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Dangerous Player: Steven Jackson

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  • Dangerous Player: Steven Jackson

    A look at the players opposing teams hate to see with the ball in their hands in the open field.
    Rams running back Steven Jackson on Sunday plowed through several Detroit Lions and barreled over umpire Bill Schuster during a bruising 17-yard run.


    Scott Rovak/US Presswire
    Steven Jackson is difficult to bring down in the open field.
    "I'm not a guy who can stop on a dime -- I'm just going to be flat-out honest with you," Jackson told 101ESPN St. Louis. "If I'm going in one direction and you're in the way, I'm sorry."

    The statement could apply to quite a few linebackers and defensive backs, and probably some defensive linemen, too. The 6-foot-2, 236-pound Jackson combines uncommon size -- he's an inch taller and 20 pounds heavier than Adrian Peterson -- with the speed, moves and heart to make him the NFC West's most dangerous player in the open field.

    One play after that 17-yard run against the Lions, Jackson outran a linebacker and a safety for the winning 25-yard touchdown.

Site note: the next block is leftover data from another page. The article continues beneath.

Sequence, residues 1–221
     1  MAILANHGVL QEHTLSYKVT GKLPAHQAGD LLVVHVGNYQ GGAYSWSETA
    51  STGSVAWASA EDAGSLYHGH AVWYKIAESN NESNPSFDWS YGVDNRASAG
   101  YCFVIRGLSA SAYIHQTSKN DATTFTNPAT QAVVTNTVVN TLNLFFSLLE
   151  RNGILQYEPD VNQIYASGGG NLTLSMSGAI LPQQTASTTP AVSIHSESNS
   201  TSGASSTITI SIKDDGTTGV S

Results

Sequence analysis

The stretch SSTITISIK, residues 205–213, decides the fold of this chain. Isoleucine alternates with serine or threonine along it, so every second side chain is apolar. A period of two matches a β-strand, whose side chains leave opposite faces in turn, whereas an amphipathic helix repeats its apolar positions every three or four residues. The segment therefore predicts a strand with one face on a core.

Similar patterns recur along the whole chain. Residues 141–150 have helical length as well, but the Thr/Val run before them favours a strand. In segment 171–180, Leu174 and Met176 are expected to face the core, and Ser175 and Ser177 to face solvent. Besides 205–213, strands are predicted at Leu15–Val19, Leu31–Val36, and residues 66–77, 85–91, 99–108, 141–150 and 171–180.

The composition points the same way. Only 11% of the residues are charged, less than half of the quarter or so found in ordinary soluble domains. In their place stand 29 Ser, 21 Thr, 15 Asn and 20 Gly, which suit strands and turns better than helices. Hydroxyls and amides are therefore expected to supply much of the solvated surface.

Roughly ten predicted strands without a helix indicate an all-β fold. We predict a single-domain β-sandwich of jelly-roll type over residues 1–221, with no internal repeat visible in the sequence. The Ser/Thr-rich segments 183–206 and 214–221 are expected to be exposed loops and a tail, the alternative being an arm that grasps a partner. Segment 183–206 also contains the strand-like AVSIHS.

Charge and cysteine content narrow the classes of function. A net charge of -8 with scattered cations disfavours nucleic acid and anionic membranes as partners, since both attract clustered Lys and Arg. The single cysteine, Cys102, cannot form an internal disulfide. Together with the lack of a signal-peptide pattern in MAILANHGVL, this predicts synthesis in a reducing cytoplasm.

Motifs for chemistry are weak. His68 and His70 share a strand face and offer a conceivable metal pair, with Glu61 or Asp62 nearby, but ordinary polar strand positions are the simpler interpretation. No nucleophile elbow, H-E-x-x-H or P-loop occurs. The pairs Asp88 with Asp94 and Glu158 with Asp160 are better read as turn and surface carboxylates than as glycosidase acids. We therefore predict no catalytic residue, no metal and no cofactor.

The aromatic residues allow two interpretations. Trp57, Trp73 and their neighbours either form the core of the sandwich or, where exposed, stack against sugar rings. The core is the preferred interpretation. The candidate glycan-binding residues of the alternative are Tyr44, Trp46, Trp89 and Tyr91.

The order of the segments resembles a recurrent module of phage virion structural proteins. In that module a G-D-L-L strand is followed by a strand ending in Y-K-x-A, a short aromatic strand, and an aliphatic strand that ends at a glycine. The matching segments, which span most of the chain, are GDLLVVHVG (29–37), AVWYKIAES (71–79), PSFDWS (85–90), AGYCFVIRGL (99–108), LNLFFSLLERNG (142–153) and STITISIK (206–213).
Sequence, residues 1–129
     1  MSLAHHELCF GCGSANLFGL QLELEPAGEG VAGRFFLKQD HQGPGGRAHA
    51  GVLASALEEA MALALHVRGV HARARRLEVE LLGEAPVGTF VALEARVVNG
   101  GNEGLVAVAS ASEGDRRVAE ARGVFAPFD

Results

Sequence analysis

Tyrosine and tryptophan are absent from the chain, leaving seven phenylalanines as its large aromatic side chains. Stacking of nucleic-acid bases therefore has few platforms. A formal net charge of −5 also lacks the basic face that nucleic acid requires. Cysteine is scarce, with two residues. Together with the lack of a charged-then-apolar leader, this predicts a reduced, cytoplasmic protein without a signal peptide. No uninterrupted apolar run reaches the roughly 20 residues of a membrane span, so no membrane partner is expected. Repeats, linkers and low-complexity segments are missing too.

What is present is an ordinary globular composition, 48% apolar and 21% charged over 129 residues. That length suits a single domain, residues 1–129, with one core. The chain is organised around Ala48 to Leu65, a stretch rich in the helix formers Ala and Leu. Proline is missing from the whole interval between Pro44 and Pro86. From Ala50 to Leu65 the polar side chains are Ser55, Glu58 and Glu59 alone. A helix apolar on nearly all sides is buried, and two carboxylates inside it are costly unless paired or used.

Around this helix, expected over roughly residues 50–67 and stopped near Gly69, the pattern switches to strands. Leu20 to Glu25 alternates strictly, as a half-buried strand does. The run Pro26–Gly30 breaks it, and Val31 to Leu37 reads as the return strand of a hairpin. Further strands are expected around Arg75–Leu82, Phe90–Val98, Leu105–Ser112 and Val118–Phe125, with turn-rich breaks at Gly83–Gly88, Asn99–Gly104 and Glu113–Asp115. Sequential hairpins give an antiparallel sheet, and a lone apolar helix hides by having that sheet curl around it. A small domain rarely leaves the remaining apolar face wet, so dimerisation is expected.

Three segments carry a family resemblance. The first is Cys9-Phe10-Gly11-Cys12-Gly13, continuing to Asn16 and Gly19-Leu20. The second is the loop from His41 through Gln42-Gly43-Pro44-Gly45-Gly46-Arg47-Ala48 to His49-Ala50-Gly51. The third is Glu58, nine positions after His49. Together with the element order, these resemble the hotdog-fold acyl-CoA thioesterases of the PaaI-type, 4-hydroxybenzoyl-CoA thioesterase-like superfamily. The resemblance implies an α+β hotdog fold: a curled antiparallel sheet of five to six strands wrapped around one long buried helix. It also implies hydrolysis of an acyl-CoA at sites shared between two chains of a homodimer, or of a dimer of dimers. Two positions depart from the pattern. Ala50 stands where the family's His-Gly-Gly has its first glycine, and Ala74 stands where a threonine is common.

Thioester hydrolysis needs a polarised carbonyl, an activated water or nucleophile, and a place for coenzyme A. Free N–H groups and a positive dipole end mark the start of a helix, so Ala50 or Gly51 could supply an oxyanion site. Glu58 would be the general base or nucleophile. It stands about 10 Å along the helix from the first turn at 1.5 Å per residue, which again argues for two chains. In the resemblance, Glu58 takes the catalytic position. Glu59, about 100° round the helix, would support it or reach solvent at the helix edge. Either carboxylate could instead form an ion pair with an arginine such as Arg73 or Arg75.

"He is a big back that can move like a smaller back -- he makes people miss," Rams coach Steve Spagnuolo said.

    Jackson isn't the only NFC West player defenses fear in the open field.

    Cardinals receiver Anquan Boldin attacks defenders with a ferocity that might be unique among current players at the position (with the exception of the Steelers' Hines Ward). Niners running back Frank Gore is another tough matchup in the open field. He runs hard and has deceptive power. But no player in the division consistently punishes and defeats tacklers as effectively at Jackson, who seems to be running harder more consistently this season.

    Jackson has an NFL-leading 25 rushes of at least 10 yards this season. No one else has more than 22. Only five have more than 15.

    "I know people don’t like to tackle him," Spagnuolo said. "I remember defending and playing against him and there were murmurs always on the film that guys really did

    Via ESPN

    Most feared player from the NFC West, that's what I like to hear...the man's a BEAST!